Is it possible to be an urban naturalist? To find out, Lyanda Lynn Haupt turns to crows, the native wildlife which city-dwellers and suburbanites most frequently (if reluctantly) encounter. She relates her findings in the slim, beguiling Crow Planet (Little, Brown, $23.99), a book that inspires and surprises. In graceful prose, Haupt records her own struggle to understand crows and to truly see nature in the city. She also shares delightful asides on motherhood, Benedictine monks, and Seattle yuppies. Most important, Haupt drives home the seriousness of the environmental crisis without succumbing to despair.
Chefs, foodies, and Italophiles will treasure Elena Kostioukovitch’s Why Italians Love To Talk About Food (Farrar Straus & Giroux, $35). This masterful tome is a culinary encyclopedia and travelogue—a chronicle of Italy’s regional cuisines. In each chapter, Kostioukovitch introduces a region and explores the foods that define it. We learn about Piedmontese truffles, Neapolitan mozzarella di bufala, and the Roman Jews’ unique relationship to eggplant. Cuisine is a “code that pervades all of Italy,” Kostioukovitch writes, and discussing it “means celebrating a rite, uttering a magic formula.” Gorgeous photos and mouthwatering sample menus round out this literary feast.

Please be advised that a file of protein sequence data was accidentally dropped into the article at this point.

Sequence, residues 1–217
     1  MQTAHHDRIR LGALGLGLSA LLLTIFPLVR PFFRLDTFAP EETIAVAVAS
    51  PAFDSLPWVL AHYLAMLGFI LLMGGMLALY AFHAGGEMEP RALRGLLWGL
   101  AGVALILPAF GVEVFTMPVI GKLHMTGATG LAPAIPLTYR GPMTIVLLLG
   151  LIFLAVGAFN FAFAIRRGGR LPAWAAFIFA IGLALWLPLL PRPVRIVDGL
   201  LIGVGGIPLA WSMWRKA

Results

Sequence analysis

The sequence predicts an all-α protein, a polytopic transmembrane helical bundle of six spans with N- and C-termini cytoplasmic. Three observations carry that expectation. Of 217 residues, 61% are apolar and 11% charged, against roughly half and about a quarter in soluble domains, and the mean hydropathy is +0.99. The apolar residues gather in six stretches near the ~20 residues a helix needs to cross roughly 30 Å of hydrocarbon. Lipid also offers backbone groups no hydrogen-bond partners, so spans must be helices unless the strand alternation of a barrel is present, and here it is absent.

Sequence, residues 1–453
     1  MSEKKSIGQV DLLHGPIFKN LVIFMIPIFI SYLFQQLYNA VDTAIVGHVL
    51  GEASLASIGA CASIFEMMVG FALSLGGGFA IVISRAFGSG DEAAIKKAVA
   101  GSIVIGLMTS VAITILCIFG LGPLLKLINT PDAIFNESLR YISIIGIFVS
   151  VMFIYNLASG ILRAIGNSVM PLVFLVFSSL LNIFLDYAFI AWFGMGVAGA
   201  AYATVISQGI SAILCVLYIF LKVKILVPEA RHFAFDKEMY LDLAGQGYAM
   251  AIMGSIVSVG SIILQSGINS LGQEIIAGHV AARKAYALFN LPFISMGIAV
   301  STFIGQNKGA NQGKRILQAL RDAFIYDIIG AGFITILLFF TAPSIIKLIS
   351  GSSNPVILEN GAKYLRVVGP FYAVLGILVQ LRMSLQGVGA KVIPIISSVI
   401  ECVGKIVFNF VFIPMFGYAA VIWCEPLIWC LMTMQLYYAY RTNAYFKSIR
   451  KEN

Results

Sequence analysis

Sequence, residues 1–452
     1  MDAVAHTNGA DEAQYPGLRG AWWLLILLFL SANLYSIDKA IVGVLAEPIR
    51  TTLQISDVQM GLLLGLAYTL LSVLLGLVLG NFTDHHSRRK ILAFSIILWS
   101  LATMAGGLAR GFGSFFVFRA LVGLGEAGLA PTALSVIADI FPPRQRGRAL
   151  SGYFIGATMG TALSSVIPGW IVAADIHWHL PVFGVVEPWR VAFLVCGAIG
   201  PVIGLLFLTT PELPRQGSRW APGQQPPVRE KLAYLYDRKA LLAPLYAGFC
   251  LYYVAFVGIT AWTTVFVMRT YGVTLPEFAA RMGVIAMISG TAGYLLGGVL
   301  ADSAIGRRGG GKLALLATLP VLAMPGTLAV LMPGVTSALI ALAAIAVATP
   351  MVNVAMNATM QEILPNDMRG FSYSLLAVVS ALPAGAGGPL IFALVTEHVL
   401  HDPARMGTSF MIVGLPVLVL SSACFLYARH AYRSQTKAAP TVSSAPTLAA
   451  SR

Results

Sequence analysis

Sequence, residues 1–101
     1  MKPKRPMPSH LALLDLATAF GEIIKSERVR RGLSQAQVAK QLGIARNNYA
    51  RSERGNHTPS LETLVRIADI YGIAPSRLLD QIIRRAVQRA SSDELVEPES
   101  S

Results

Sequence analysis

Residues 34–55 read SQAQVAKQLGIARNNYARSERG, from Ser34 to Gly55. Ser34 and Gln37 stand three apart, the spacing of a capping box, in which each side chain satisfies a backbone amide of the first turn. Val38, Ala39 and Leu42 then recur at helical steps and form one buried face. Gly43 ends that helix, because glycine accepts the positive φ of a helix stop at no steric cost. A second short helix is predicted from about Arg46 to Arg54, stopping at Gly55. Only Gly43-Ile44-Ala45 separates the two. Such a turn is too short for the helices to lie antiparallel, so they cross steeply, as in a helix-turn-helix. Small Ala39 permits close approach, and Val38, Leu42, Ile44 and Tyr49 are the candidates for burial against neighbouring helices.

Slow: Life In A Tuscan Town (Welcome Books, $50), by Douglas Gayeton, is a work of art. After moving to the village of Pistoia, Gayeton began to document the local residents and their intimate, ancient traditions of growing, preparing, and enjoying food. The stunning sepia-toned photos alone are worth the price tag, but Gayeton’s commentary makes this book exceptional. His whimsical, elegant observations—ingeniously incorporated into or on each photograph—elevate Slow into something far more than a coffee table decoration. The title is apt: you’ll want to slow down and savor each image.